The Federal Reserve is finally taking more action to raise its short-term rates. Last week, it voted to raise the Fed funds rate by 25 basis points. That is expected to add pressure to mortgage rates, too. Many housing analysts fear that rising mortgage rates could further impact home affordability and lead home buyers to pause.
However, Rick Sharga, executive vice president of Ten-X and former senior vice president at RealtyTrac, disagrees. He thinks the rise in mortgage rates could prove to be a good thing for the housing market.
He argues that it will cause buyers to get off the fence faster and move into the market sooner – before rates go any higher. He expects that to help increase home sales in 2017.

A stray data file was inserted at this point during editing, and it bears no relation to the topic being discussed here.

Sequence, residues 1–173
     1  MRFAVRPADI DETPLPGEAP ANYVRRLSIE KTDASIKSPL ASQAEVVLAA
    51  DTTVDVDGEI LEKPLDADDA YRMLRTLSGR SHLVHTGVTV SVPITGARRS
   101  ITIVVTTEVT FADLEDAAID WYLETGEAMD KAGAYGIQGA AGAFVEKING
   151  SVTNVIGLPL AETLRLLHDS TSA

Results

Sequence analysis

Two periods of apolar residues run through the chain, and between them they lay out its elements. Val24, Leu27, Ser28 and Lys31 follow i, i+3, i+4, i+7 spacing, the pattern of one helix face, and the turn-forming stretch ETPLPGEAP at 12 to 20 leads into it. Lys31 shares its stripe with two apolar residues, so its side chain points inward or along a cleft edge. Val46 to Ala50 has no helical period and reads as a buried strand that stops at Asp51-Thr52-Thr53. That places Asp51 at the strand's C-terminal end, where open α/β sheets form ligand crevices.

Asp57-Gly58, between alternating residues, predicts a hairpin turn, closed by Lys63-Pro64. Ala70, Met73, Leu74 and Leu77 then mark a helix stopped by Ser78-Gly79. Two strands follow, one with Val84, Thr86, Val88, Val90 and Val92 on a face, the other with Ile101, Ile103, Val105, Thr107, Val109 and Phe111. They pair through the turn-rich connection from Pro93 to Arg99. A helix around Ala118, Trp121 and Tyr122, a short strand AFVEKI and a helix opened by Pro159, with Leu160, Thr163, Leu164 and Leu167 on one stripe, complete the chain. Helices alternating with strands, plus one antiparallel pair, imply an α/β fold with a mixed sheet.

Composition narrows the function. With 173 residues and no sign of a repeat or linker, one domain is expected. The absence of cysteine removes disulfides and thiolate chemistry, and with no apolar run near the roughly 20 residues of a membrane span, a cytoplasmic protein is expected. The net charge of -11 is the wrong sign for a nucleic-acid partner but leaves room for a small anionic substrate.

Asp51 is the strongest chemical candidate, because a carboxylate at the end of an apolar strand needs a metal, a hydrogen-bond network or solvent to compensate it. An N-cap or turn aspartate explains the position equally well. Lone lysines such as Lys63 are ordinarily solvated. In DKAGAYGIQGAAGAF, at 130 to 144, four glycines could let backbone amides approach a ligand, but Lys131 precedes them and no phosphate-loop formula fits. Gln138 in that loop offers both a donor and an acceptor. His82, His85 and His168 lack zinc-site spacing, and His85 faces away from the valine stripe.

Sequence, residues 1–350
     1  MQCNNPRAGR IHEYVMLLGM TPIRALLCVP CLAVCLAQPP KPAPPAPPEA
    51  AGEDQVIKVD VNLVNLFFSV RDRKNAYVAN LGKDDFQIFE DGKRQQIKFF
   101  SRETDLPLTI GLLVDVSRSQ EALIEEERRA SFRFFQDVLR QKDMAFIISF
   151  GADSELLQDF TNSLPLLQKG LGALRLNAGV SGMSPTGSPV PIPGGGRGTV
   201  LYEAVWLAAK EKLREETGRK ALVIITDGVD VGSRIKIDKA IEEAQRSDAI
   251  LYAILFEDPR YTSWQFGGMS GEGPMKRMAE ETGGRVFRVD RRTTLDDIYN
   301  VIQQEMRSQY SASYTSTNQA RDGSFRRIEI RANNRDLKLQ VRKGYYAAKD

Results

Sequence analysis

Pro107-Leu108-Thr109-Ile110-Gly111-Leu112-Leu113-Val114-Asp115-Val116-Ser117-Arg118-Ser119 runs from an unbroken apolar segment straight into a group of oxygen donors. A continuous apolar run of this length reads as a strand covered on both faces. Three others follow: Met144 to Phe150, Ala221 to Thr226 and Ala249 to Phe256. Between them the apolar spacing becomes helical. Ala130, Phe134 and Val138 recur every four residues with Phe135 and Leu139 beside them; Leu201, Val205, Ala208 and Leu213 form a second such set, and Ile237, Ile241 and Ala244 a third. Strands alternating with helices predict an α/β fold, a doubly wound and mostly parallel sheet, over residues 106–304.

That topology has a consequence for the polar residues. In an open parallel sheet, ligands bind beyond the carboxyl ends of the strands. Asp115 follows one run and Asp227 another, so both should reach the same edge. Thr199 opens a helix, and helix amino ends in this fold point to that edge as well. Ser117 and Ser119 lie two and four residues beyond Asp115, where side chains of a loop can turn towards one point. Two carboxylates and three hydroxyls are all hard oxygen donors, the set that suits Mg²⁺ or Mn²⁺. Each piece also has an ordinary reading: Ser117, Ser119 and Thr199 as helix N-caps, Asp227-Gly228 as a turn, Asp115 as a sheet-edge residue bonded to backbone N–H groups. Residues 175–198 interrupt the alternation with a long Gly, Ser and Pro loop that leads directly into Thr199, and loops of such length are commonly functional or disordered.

Sharga also believes higher rates will cause lenders to loosen some of the tight underwriting standards that have plagued the housing market the last few years and prevented many would-be borrowers from moving forward.
"This will happen partly just due to higher mortgage interest rates, which will provide a bit of a cushion for lenders to take on a little more risk," Sharga writes in a recent column. "And higher rates will also drastically reduce the number of refinance loans being issued, which lenders will try to offset by doing more purchase loans."
Sharga thinks the Fed's recent 25-basis-point hike may not actually have a big an impact on mortgage rates.
"The 25-basis-point hike was well within the range that most industry analysts had expected, which means it's possible that this hike won't cause mortgage rates to rise significantly from current levels, which are already the highest they've been in years," Sharga notes.
Source: "Why Rising Federal Funds Rate Might Be Good for the Housing Market," HousingWire (March 16, 2017)